Time for a civics lesson courtesy of the NFL and embattled Minnesota Vikings cornerback Josh Robinson.
Robinson has been excoriated in the court of public opinion in recent days for his perceived anti-gay tweets in response to the Supreme Court’s ruling on same-sex couples having the right to marry.
To many, the most objectionable of the 24-year-old’s thoughts was when he compared allowing two gay men to marry to allowing a man to wed his own 6-year-old child. The rebukes were swift and harsh forcing Robinson to delete the tweet and issue an apology.
“I apologize for any offense my tweets may have caused,” Robison wrote in a text message to the Minneapolis Star-Tribune. “In an attempt to express my beliefs, I created some confusion with my choice of words, and for that I apologize.
“I do not equate the Supreme Court’s decision on marriage equality with other social issues. There are obvious differences. However, I do believe that God’s laws will always supersede man’s laws. This belief is not from hate for anyone but from a love for my God and all those he created. Again, I’m sorry!”
Robinson is just the latest person in the public eye to learn a rather valuable lesson, you can still have an opinion in the Unites States of America … it’s just better be the right one.
And to those asking, no this is not about defending Robinson or what he said. On a personal level, I’m not terribly religious nor do I have any problem with gay people being allowed to marry. And what Robinson wrote was both foolish and ill-informed, particularly the part where he compared consenting adults to pedophilia and incest.
So why can’t we just leave it at that?
To those who don’t spend their time mired in the politics of the day, freedom of speech is something only wing nuts argue over when others don’t conform to their particular views.
In a practical sense it’s supposed to be one of our most important rights as citizens, protected by the First Amendment to the United States Constitution. It is not, however, absolute as some may think with many categories of speech excluded from the so-called freedom.
You’ve probably heard “you cant yell fire in a crowded movie theater” (unless there actually is one of course) since you were a kid and that’s a sound example of something that is not protected by the amendment.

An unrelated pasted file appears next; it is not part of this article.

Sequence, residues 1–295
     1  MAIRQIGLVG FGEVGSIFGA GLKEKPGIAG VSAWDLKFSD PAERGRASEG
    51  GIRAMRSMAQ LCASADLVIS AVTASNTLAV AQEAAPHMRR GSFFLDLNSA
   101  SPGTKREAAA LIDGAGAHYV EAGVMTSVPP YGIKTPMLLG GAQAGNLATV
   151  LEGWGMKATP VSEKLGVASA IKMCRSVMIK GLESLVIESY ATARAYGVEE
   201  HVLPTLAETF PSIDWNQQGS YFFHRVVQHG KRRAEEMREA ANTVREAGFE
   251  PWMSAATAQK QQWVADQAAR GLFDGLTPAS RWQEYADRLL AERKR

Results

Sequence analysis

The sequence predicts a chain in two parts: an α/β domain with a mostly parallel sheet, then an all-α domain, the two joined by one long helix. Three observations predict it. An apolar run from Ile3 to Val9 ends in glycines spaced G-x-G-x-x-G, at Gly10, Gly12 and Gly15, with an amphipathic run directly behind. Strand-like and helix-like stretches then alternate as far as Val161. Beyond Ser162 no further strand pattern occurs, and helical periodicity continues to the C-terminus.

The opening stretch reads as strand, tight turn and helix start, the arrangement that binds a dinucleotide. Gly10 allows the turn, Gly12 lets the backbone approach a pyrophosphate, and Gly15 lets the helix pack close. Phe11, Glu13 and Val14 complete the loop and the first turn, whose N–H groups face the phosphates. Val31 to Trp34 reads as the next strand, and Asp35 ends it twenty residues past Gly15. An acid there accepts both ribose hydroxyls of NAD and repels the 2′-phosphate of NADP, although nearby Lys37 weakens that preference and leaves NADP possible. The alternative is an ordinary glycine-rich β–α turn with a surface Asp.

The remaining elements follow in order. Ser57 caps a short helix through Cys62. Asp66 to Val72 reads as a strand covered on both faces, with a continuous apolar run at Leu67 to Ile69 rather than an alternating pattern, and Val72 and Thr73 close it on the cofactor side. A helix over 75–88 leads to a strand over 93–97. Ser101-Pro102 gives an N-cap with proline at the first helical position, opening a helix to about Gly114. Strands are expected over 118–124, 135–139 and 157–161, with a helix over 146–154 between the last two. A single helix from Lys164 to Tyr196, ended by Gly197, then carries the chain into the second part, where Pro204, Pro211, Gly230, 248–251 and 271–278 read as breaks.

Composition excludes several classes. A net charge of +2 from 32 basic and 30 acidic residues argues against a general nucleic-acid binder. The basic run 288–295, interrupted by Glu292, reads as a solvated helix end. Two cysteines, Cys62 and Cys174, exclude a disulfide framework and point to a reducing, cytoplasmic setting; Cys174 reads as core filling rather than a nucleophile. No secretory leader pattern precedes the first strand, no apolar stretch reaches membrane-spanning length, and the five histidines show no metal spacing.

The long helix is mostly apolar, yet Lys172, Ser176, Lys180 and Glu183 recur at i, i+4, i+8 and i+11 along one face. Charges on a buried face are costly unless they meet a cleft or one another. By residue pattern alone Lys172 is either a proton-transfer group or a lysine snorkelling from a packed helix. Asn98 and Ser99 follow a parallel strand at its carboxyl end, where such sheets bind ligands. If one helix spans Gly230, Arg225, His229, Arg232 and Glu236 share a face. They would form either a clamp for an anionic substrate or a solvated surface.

Robinson objected to SCOUTUS’ decision based on his own personal religious and perhaps bigoted convictions. His apology was a by-the-numbers-Mad-Libs approach that was neither heartfelt nor necessary.
If you want to make yourself feel better, chalk it up to the fact he’s in his mid-20s and probably not on his way to attending the next Algonquin Round Table to debate the most-tortured topics of the day.
Heck, you can even label the University of Central Florida product a bigot if you want but to me those taking aim at Robinson are the bigger problem, intent on indoctrination and snuffing out the rights of anyone who doesn’t agree with them.
It comes down to a rather simple premise: you either believe in free speech or you don’t and if you find forcing someone to conform to the view of the day an acceptable approach, well even Josh Robinson could figure out which one of those camps you belong in.
What Robinson tweeted certainly is protected speech, and his right to say it shouldn’t be taken away by an activist crowd trying to silence any dissenting viewpoints.
–You can reach JF McMullen at firstname.lastname@example.org or on Twitter @jfmcmullen — Also listen to John weekly on YAHOO! Sports Radio, ESPN Atlantic City, ESPN Lexington and ESPN Southwest Florida.